The role of the CIO role is transitioning from delivery executive to business executive, from controlling cost and engineering processes, to driving revenue and exploiting data, according to Gartner.
95 per cent of CIOs expect their jobs to change or be remixed due to digitalisation, according to the 2018 Gartner CIO Agenda Survey, which gathered data from 3,160 CIOs in 98 countries.
Respondents believe that the two biggest transformations in the CIO role will be becoming a change leader, followed by assuming increased and broader responsibilities and capabilities. Inevitably, the job of CIO will extend beyond the traditional delivery roles to other areas of the business, such as innovation management and talent development, the analysts said.
Seventy-nine per cent of CIOs report that digital business is making their IT organisations more “change-ready,” and growth is the number one CIO priority for 2018, as reported by 26 per cent of CIOs.
“The CIO’s role must grow and develop as digital business spreads, and disruptive technologies, including intelligent machines and advanced analytics, reach the masses,” said Andy Rowsell-Jones, vice president and distinguished analyst at Gartner.
“While delivery is still a part of the job, much greater emphasis is being placed on attaining a far broader set of business objectives.”
At least 84 per cent of top CIOs surveyed have responsibility for areas of the business outside traditional IT. The survey found that CIOs are spending more time on the business executive elements of their jobs compared with three years ago.
Tackling organisation culture
The changing CIO role requires hiring new resources to put in place the right digital team structures.
According to Gartner, some CIOs favour a separate digital team while others make digitalisation part of the day job of IT and the enterprise. However, 71 per cent of the top performers have a separate digital team to help them scale their digitalisation efforts. The most common structure for these teams is to report to the CIO, although the biggest difference between the top performers and their peers is in the CEO reporting relationship of these teams.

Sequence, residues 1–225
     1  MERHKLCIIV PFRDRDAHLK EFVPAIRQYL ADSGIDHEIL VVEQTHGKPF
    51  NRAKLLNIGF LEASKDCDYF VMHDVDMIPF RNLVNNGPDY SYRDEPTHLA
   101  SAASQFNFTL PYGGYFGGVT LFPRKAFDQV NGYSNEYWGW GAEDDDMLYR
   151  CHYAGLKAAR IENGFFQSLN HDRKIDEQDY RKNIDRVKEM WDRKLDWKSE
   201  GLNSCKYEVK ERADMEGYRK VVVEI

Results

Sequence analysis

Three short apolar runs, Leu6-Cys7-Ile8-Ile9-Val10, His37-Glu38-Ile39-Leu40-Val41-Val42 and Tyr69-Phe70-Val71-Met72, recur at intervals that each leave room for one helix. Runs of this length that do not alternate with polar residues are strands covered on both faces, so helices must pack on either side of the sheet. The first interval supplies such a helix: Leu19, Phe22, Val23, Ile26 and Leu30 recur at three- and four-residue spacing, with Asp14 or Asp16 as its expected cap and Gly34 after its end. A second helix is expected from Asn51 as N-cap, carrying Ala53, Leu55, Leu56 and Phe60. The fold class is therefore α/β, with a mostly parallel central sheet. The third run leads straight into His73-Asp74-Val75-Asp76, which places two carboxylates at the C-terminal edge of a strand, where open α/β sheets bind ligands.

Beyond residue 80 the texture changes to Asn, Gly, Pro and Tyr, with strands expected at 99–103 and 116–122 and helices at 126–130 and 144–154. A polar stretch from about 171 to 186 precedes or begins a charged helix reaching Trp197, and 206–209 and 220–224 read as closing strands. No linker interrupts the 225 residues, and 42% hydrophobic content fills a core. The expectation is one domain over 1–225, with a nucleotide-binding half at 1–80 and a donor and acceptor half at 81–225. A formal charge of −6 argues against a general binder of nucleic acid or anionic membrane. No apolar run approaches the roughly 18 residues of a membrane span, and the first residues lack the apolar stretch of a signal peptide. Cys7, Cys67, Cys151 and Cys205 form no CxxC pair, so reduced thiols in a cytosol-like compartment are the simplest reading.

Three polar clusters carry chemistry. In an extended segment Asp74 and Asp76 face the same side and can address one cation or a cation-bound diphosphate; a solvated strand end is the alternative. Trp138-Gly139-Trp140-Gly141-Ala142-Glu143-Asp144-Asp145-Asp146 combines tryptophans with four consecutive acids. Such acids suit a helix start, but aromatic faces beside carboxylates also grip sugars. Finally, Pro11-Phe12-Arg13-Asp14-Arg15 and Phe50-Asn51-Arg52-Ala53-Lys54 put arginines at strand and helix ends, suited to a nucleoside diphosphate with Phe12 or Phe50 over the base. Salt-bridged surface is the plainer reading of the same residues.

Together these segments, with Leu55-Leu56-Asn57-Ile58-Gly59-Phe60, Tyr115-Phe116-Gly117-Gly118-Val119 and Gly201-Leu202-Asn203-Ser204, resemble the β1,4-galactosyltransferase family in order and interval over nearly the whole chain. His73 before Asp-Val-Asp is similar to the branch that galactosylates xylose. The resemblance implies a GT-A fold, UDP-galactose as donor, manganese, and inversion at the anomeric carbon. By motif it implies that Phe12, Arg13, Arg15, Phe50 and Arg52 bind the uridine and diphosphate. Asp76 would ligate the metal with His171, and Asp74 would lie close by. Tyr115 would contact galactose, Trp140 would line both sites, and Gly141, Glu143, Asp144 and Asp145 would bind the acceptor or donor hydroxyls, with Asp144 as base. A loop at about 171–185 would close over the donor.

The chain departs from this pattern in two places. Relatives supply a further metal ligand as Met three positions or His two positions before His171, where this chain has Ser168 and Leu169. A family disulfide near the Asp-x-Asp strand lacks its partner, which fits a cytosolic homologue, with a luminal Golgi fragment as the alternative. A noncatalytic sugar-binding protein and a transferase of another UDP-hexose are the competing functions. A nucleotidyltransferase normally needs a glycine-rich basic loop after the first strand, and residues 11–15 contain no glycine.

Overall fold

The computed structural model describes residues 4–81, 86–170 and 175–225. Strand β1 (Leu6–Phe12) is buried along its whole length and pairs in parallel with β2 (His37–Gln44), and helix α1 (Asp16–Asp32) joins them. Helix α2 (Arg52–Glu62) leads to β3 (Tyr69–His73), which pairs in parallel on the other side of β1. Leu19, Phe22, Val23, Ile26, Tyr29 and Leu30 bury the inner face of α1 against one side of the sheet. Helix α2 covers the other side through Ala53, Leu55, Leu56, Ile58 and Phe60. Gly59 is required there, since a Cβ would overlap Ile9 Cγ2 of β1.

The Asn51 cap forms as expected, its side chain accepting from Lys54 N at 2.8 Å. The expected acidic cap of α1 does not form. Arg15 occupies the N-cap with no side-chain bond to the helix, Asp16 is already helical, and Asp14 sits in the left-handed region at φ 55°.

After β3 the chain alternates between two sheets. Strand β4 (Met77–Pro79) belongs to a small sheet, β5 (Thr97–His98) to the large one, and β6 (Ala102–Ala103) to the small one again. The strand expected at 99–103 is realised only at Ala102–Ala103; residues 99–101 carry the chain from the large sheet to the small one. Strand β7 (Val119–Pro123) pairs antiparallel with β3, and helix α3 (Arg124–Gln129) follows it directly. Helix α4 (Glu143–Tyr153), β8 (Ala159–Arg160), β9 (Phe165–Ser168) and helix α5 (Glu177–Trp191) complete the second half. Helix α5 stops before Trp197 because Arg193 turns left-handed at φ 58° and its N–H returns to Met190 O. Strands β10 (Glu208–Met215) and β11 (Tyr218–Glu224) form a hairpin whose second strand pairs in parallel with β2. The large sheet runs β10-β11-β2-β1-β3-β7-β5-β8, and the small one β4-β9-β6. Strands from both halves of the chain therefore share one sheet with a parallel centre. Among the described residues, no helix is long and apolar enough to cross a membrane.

“The effects of digitalisation are profound. The impact on the job of CIO and on the IT organisation itself should not be underestimated,” said Rowsell-Jones.
“In this new world, CIO success is not based on what they build, but the services that they integrate. The IT organisation will move from manufacturer to buyer, and the CIO will become an expert orchestrator of services. The real finding though is that this is happening now, today. CIOs must start scaling their digital business and changing their own jobs with it now.”
CIOs rank AI, followed by digital security and the Internet of Things (IoT), as the most problematic technologies to implement. In part due to the new skills needed to implement them.
The survey showed that a majority of CIOs say that technology trends, specifically cybersecurity and AI, will significantly change how they do their jobs in the near future. Cybersecurity continues to threaten the global landscape in 2018, and 95 per cent of CIOs surveyed said they expect cybersecurity threats to increase and impact their organisation.
“In response to these concerns, the survey found that digital security ranks high on the CIO agenda as 35 per cent of respondents said they have already invested and deployed some aspect of digital security, and 36 per cent are in the process of planning to implement some form of digital security,” said Rowsell-Jones.
“CIOs are also increasingly adopting AI in their organisations. Predominantly, AI is being used initially, either to boost the customer experience or to fight fraud.”